“This ruling … goes against the centuries-old, well-accepted use of the word ‘Allah’ by Arab Christians in the Middle East and other parts of the world; violates the freedom of religion and freedom of expression of Christians in Malaysia; and threatens to create unnecessary division and discord between Christians and Muslims in Malaysia,” they said.
UNHCR Initiative Supports Refugees’ Protection and Promotes Interreligious Cooperation
(LWI) – The Lutheran World Federation (LWF) President Bishop Dr Munib A. Younan has endorsed a historic code of conduct declaration that calls for faith leaders, faith-based organizations and communities to enhance efforts to embrace and support millions of refugees, internally displaced and stateless people, and to stand united against xenophobia.
“I fully endorse the ‘Welcoming the Stranger: Affirmations for Faith Leaders’” Younan told over 150 participants including religious leaders, diplomats and representatives from 25 faith based non-governmental organizations (NGOs) at the 12 June “Affirmations” document launch, hosted by the United Nations High Commissioner for Refugees (UNHCR) in Geneva, Switzerland.
The declaration is the culmination of a High Commissioner’s Dialogue on Faith and Protection convened last December by UNHCR chief, Mr António Guterres, and attended by representatives of major faith groups and academics. It concluded with a recommendation for the development of a code of conduct for faith leaders, initially suggested by the LWF president and subsequently backed by all participants,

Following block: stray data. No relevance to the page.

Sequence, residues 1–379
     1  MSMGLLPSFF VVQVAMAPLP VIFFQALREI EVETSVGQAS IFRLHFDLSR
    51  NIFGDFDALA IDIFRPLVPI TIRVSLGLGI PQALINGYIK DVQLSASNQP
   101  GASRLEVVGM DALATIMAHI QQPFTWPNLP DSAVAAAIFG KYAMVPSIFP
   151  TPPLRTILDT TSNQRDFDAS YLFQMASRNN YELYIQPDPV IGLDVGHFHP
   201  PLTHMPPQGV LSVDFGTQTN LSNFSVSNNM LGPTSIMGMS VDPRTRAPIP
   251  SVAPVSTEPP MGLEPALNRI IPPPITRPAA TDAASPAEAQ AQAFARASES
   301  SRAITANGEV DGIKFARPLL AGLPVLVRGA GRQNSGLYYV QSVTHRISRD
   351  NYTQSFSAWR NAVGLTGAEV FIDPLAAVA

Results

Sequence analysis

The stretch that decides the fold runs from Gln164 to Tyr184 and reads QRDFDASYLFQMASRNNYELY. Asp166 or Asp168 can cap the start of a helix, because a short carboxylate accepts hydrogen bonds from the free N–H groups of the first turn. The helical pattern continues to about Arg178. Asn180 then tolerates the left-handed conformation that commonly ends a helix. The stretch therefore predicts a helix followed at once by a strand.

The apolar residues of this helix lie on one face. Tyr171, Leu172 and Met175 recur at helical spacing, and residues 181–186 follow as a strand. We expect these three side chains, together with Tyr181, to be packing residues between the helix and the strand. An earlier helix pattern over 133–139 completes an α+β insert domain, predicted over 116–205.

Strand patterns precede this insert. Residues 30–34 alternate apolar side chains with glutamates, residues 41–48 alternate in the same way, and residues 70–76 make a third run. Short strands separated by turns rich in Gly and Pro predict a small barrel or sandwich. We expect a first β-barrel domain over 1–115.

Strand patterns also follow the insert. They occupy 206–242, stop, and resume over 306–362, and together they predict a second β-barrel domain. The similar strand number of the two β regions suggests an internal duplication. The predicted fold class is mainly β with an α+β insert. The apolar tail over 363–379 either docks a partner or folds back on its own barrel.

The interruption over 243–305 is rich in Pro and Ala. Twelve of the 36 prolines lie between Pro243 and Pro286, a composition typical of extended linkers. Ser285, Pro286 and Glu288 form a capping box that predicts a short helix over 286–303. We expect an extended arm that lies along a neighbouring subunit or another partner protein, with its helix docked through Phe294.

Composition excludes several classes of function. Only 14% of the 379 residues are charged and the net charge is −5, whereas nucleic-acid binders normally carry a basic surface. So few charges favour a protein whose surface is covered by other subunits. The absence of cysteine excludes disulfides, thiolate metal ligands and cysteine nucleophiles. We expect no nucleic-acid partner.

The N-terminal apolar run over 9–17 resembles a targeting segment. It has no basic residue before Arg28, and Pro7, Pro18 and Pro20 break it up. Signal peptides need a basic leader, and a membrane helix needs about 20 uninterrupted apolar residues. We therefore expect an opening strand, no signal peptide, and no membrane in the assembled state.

This was followed up with the drafting of the “Affirmations” between February and April by a coalition of faith-based organizations and academic institutions which included, among others, the LWF, Jesuit Refugee Service, Islamic Relief Worldwide, the World Council of Churches, and the Hebrew Immigrant Aid Society.
The text of the declaration draws upon principles and values of welcome that are deeply rooted in all major religions including Buddhism, Christianity, Hinduism, Islam and Judaism. It is expected to be used worldwide to foster support for refugees and other people displaced in their communities.
Pope Shenouda III and Bishop Dr Munib A. Younan exchange greetings at a past meeting of the Middle East Council of Churches. © ELCJHL
Coptic Church Leader Had “Deep Passion” for the Gospel, Says Bishop Younan
JERUSALEM/GENEVA 29 March 2012 (Lutheran World Information) – The Lutheran World Federation (LWF) President, Bishop Dr Munib A. Younan, expressed LWF’s sympathy and prayers with the Coptic Orthodox Church of Alexandria in Egypt, following the death of Pope Shenouda III.
“We pray for you and the whole Coptic Church … in this difficult time of loss of a beloved leader,” said Younan in a letter of condolence to the Secretary of the Synod of the Coptic Orthodox Church Metropolitan Bishoy.
Shenouda III served as Pope of Alexandria and Patriarch of All Africa from 1971 until his death on 17 March, aged 88. He was buried on 20 March.
Younan, who is also bishop of the Evangelical Lutheran Church in Jordan and the Holy Land, described the Coptic Church leader as a person with a “deep passion” for the gospel, church mission, and the well-being of the world.
He was “a man of dialogue, recognizing the importance of cooperation among churches in the Middle East. He was a promoter of interfaith discussions, especially with the Muslim community of Egypt, promoting a dialogue for life,” the LWF president continued.
In the context of the Lent season, Younan emphasized the Christian calling to “walk together in preparation for Christ’s death on Good Friday, yet looking beyond the tomb to the glorious expression of God’s love in the Resurrection.”
The Coptic Orthodox Church has an estimated 12 million followers in Egypt.